Incidentally, I really enjoyed Nick Bradley’s live blogging of the Ron Paul speech. Live blogging is a new art form, and will become increasingly important in the future of journalism.
Everyone can see this, of course, but the senior managers who still think the internet is a fad. Consider this recent live blogging incident at a U of Louisville baseball game:
About an hour before Friday’s first game, the NCAA sent U of L a memo and had it circulated through the press box. The memo said that no one would be allowed to blog during the games, which came as a pretty big surprise since I blogged throughout the Columbia Regional (and saw at least three other media representatives doing the same) and no one said a peep. Also, this restriction was not included on our credentials, and we never signed anything agreeing to this limitation.
You see, the NCAA decided that live blogging constituted a type of “live representation” which would infringe on TV rights. So they ejected the blogger. Now, I don’t know about you, but if I were College baseball, I would be paying people to blog something -ANYthing- that might make people actually interested in College Baseball. Not the NCAA. But there’s nothing new about live written updates for sports games. As Hamilton Nolan of PR Week noted:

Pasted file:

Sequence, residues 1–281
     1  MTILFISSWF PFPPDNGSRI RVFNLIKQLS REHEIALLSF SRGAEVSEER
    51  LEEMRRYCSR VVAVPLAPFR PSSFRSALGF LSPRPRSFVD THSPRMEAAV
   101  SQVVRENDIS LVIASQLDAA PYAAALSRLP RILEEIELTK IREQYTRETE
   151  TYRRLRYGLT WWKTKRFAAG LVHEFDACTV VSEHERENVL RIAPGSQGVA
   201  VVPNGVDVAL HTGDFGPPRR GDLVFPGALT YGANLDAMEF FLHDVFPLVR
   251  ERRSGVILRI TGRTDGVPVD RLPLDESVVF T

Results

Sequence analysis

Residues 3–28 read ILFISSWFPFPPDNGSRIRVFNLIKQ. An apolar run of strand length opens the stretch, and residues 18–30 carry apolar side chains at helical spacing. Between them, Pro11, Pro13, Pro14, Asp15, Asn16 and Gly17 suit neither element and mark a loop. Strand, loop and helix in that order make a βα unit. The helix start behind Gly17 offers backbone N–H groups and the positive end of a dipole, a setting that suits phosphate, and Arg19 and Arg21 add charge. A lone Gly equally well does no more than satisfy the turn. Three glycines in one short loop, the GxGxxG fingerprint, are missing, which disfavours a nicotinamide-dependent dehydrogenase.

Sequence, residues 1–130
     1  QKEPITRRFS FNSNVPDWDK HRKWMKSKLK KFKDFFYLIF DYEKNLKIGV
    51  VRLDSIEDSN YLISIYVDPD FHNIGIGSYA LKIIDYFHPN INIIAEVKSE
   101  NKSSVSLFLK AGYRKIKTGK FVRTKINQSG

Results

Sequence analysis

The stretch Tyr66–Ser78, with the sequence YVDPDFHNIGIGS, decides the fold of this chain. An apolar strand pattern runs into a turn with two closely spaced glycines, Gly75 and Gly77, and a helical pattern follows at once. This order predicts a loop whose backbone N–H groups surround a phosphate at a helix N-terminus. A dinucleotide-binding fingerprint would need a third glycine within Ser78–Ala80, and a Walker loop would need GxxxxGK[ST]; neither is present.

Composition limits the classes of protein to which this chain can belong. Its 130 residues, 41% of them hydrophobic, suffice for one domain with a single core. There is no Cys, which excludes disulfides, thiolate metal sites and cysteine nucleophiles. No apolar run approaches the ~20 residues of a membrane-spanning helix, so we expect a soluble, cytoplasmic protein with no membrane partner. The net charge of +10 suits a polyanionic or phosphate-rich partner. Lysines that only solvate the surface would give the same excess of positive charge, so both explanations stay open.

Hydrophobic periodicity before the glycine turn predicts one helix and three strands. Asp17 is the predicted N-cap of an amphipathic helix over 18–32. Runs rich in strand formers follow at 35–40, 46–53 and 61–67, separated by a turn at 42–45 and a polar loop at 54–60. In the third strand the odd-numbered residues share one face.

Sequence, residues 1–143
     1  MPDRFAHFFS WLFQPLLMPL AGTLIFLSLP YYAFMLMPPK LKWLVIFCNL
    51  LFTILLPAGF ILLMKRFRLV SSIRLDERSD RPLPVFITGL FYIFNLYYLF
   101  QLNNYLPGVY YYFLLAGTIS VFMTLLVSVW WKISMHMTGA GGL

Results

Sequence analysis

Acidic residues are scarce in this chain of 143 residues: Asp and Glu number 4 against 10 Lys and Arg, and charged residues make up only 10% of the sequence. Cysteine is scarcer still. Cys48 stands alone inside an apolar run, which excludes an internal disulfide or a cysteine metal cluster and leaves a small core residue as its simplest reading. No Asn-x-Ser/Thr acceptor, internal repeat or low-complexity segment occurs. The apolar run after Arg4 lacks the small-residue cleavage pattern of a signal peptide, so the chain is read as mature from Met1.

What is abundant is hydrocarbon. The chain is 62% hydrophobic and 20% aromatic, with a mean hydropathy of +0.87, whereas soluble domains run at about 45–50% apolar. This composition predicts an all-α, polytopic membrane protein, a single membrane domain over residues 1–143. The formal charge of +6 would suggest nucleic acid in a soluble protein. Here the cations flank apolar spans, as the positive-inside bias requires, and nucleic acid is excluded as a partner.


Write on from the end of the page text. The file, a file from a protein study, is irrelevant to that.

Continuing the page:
“…has the NCAA noticed in the past 100 years that the Associated Press posts live stories during sporting events, offering the latest updates?”
You can just see the scene in the NCAA meeting:
“Blogging? What’s that”
“uh, something that teenagers like to do. It’s a fad, like the horseless carriage and women wearing pantaloons.”
“oh, well, pull the plug. I don’t like those juvenile delinquent types anyway.”
Along the same lines was a fun letter to the editor in a recent issue of The American Conservative. Writes a Dino Drudi:
Editing is much more than sentence structure and punctuation; the editor plays a social role as a gatekeeper for public discourse, a mediating role between writers and readers…[sour grapes alert!] Does blogging exist because editors have abused their power of because journalists are spoiled brats who want everything their way?
In other words, we must have editors. There must be “Gatekeepers” who decide what the readers want to read. The readers can’t be trusted to read what they like and what they want. Without editors, there would be chaos. Chaos!6:47 pm on July 1, 2007 Email Ryan McMaken